I’m taking suggestions! What kinds of graphic organizers do you find effective for your students? How do they work best? No matter what grade level and no matter what content area, your observations are welcome. Make yourself famous; leave a comment here or head over to The Tech Savvy Educator’s forum and write a reply there.
Where We’re Looking So Far
- EnchantedLearning.com provides good resources, though you have to pay for access to full size versions of their organizers. When you click on the type of organizer to use, you have to scroll down the page to see all of their proposed methods of implementing that type of organizer. They’ve done a lot of our work for us, but we need things to be free for all teachers to use.
- Byrd Middle School has an incredibly cool technology resource teacher who has created some good organizers over the last year. I’ve stolen several of those and plan to add them to our pile of possibilities.
- Jim Burke’s Web site and his book Tools for Thought have come in rather handy. Purchasing enough copies of his book to hand out to the staff is a possibility and would encourage a good conversation about how to use these tools. I hesitate to do it, though, because the idea’s already out there that things like graphic organizers and general literacy promotion are all the English department’s responsibility. For the staff to have a book written by an English teacher about how to use graphic organizers could perhaps reinforce the foolish notion that English is responsible for literacy.
Not a big list, I know. We’re just getting started and there’s really only two of us looking into this. Each of us has a few graphic organizers that we created and use in our classrooms that we’ll add to the list. The joke is that we’ll put all of this together in a book, but it might not be a bad idea once we work through the process. The weakness I’m finding with existing publications (though I haven’t looked very deeply into this matter) is that they have a lot of narration, a supreme irony for any book about graphic organizers. I want to see a publication more like the EnchantedLearning.com site above, with chapters for each organizer and multiple versions of the organizer, ready to be put to use in different courses. Student examples of how the organizer helped the thinking process would be nice to augment each chapter.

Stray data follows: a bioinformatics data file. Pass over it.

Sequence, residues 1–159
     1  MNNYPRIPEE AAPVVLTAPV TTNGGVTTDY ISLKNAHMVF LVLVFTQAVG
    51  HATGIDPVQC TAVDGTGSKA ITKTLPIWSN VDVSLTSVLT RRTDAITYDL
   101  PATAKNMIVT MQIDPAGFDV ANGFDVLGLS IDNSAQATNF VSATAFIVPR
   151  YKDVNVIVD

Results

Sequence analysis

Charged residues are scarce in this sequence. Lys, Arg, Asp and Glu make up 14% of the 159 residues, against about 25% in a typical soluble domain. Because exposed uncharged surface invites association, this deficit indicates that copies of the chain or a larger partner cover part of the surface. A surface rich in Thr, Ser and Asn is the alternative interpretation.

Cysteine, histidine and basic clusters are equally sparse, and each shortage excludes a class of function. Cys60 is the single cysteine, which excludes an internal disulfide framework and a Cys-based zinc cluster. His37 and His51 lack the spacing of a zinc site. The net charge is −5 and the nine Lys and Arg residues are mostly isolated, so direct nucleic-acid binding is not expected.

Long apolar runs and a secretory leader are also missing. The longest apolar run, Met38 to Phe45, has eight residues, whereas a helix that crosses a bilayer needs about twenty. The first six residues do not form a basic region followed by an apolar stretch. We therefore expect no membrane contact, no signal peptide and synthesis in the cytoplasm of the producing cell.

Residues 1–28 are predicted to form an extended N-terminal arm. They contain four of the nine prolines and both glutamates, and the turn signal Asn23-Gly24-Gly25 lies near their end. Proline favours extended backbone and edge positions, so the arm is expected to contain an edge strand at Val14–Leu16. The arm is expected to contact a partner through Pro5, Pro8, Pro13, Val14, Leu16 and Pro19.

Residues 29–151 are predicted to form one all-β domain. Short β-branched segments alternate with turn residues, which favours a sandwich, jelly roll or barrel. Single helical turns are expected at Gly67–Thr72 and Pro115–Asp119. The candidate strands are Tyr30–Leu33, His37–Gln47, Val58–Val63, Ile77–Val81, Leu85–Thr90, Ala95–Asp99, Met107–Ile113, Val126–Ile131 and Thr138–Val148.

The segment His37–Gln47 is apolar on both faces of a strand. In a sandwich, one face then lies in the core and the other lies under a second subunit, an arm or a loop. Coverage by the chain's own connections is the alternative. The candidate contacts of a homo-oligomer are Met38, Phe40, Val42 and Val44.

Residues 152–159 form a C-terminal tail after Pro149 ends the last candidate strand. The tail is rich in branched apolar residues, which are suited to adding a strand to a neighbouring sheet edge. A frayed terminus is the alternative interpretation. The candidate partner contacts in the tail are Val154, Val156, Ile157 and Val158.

In an effort to push school-wide literacy, we’re thinking of choosing 2 different graphic organizers to emphasize at each grade level. Every teacher would know what those organizers are and would use them in their classes whenever appropriate. This has the added benefit of giving our teaching a cohesion at least on the level of how we demand students organize their thoughts.
In high school, the different subjects are taught in almost complete isolation and, even within the subjects, concepts are taught in isolation. When I write, I rarely write completely within a single genre. It’s often a mix of persuasive, reflective, expository, narrative, and analytical styles. To write something entirely inside a single domain is unnatural. Yet, we teach those writing styles independently. To urge students into mixing the genres is saved for the advanced students and, even then, typically only the techniques of a single style are evaluated.
I imagine that similar issues exist in math, science, the arts, social science, and other content areas. In reality, the concepts from all these classes are connected and often used at once to solve problems, but high school presents them all as if there was nothing but the most tenuous connection between them.
I’ve written far too many times on how schools need to show connections between course content and life after academics, but schools also need to show how all courses connect into making sense out of the world. In social science, you can’t leave all the good writing techniques you learned in English at the door. In science, you can’t leave all of your math skills in a pile on the threshold. All of these things are related and if we’re all at least using the same organization strategies, those relations start to become clearer.